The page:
There was much fanfare last week after UNESCO (the United Nations’ cultural and scientific agency), added reggae to its “intangible cultural heritage” list, deeming the music “worthy of protection and promotion”.

The announcement was made in Mauritius. Olivia Grange, Jamaica’s culture minister, hailed the decision and called it “a historic day. We are very, very happy.”

One individual who does not share his joy is Dotun Adebayo, a Nigeria-born British journalist who has covered the reggae scene in the United Kingdom for over 35 years. Currently a broadcaster with the BBC, he likened the UNESCO gesture to “turkeys endorsing Christmas”.

For his November 30 column in The Guardian newspaper, captioned ‘Reggae is Jamaica’s rebel music — it doesn’t need establishment approval’, Adebayo said the UNESCO award goes against everything reggae stands for.

“Don’t you just know that UNESCO’s decision to add reggae to its list of the intangible cultural heritage of humanity will be the kiss of death for any remaining semblance of ‘rebel music’ in Jamaica? While the island’s delegation at the United Nations was skanking in celebration the other night, there was no corresponding ‘jam out there’ in the streets of Kingston, Spanish Town, Mo’Bay or Ochi. Once upon a time there would have been, but this recognition by the UN is at best too little too late and, at worst, somewhat suspect.”

Adebayo added that, “Suspect? Yes, when the institutions that reggae has been decrying for decades as ‘Babylon’ — the Jamaican Government and global power — are the very ones hailing it as an international cultural treasure worthy of protection and promotion. Turkeys endorsing Christmas come to mind, with the gobblers hatching a cunning plan to turn 25 December vegan. If this gong gives the Jamaican Government the ownership of reggae that it craves, UNESCO may be guilty of endorsing the Caribbean equivalent of John Lydon (once Johnny Rotten) appearing on a television butter advert. That moment whacked the final nail into the coffin of punk and the 1977 anarchy in the UK that roots-reggae went in tandem with back when, if you were fortunate enough to be the white man in the Hammersmith Palais, you got two rebellions for the price of one. Unlike the punk thing, the political potency of reggae has endured for generations. And the Jamaican authorities certainly don’t like that.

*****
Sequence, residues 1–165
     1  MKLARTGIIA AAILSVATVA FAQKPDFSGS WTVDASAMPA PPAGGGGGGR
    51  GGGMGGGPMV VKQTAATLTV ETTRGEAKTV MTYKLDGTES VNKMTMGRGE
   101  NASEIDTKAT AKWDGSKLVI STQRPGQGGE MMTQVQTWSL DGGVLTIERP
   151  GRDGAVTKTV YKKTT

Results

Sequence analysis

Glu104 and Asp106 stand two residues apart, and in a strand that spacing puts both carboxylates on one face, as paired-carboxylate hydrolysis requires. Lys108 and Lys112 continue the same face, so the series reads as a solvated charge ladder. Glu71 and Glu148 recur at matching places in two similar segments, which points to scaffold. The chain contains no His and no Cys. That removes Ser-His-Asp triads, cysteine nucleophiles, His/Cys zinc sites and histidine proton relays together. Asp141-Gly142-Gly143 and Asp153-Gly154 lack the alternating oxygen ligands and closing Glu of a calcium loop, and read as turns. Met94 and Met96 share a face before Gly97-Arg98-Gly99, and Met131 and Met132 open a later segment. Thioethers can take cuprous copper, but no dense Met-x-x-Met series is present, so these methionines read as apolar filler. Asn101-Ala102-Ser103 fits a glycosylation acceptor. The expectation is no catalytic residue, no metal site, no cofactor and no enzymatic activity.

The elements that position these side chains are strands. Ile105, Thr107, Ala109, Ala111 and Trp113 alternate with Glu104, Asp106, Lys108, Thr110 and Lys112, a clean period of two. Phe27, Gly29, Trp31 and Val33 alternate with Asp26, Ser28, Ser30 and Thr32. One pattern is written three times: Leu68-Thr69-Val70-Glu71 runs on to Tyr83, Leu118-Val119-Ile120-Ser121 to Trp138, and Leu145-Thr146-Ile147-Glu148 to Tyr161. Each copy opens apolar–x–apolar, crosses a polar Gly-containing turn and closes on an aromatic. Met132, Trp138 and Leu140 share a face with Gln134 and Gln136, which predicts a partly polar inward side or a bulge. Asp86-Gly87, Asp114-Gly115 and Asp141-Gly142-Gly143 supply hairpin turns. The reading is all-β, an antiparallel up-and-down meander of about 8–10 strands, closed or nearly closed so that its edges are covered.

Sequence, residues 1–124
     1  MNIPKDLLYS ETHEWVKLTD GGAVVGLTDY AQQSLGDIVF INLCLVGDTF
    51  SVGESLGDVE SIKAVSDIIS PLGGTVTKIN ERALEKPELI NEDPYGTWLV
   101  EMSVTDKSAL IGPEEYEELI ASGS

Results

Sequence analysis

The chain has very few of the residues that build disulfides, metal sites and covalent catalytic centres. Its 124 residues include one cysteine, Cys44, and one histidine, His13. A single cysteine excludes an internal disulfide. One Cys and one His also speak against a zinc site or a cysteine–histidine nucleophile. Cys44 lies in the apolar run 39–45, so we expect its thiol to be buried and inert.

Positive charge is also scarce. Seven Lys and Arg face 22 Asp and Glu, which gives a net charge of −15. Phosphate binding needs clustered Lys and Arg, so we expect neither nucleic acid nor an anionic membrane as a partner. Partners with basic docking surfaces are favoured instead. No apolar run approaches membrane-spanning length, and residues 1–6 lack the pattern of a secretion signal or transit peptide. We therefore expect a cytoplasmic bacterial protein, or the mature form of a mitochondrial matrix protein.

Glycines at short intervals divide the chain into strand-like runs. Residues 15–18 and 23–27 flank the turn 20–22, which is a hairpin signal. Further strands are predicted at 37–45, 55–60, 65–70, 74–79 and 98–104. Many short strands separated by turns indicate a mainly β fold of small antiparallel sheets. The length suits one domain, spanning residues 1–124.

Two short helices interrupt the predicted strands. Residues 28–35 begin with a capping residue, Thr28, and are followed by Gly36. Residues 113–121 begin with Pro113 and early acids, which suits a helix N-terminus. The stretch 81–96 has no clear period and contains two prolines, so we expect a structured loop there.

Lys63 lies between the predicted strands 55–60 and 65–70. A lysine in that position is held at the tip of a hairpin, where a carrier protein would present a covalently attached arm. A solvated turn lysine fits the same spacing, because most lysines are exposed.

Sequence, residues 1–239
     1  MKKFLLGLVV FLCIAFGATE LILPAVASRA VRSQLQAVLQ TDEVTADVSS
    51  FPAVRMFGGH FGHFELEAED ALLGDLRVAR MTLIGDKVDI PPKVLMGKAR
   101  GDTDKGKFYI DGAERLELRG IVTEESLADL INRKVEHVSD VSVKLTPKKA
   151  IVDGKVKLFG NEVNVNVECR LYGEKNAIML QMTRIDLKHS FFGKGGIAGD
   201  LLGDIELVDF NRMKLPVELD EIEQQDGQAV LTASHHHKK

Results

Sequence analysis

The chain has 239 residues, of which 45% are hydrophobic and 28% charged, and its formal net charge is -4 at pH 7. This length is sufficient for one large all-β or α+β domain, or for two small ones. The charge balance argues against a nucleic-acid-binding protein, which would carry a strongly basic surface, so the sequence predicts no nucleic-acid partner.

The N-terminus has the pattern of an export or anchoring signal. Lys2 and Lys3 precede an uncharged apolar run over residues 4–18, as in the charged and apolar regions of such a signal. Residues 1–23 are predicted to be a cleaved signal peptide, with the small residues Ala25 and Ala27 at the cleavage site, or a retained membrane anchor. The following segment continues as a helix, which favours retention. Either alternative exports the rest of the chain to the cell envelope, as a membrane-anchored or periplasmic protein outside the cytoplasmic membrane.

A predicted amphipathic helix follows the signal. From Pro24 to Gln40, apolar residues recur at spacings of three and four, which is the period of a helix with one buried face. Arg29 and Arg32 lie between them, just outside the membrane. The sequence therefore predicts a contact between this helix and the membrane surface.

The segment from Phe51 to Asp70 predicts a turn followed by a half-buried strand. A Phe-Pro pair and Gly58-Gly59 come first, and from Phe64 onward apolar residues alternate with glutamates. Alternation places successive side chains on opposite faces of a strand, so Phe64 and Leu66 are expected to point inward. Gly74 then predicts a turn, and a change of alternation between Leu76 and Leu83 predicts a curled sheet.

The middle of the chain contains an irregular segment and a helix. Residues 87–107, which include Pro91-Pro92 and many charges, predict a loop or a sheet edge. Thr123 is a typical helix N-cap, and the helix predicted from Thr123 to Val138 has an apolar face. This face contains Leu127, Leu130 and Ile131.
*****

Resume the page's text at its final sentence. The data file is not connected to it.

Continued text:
“Jamaicans do not need the UN to endorse the soundtrack of their lives. They do not need UNESCO to tell them that reggae is ‘cerebral, sociopolitical, sensual and spiritual’. Jamaicans know that already. They have known for half a century that the reggae beat is their nation’s heartbeat and that its lyrics are the soul and conscience of its people — from Burning Spear’s Slavery Days to Damian Marley’s Welcome To Jamrock.

Adebayo, 58, has covered the British music beat for the BBC and publications, such as The Voice, The Guardian and The Independent. He took aim at Grange, saying as a long-time music industry insider, she should know better.

“Oh the irony. Grange, a former reggae producer herself, is touting a sanitised vision of the island because that’s where the money is. This was evident from the Bob Marley track her delegation chose to play to celebrate the momentous occasion — One Love, a tune that became a huge posthumous hit for the reggae king, but one that he rarely, if ever, performed live. As subversive a song as it is, its outward sweetness didn’t sit well with the music maker from the ghetto of Trench Town, when he toured the world as a superstar in the late 70s.”

Jamaica applied for reggae’s inclusion on the UNESCO’s list this year at a meeting in Mauritius, where 40 proposals were considered.

The agency granted the proposal, declaring that, “While in its embryonic state reggae music was the voice of the marginalised, the music is now played and embraced by a wide cross section of society, including various genders, ethnic and religious groups.”

There are over 400 titles on the Intangible Cultural Heritage table. They include the Grand Canyon, Great Wall of China, and Old City of Jerusalem.

— Compiled by Jamaica Observer staff from The Guardian newspaper and wire services.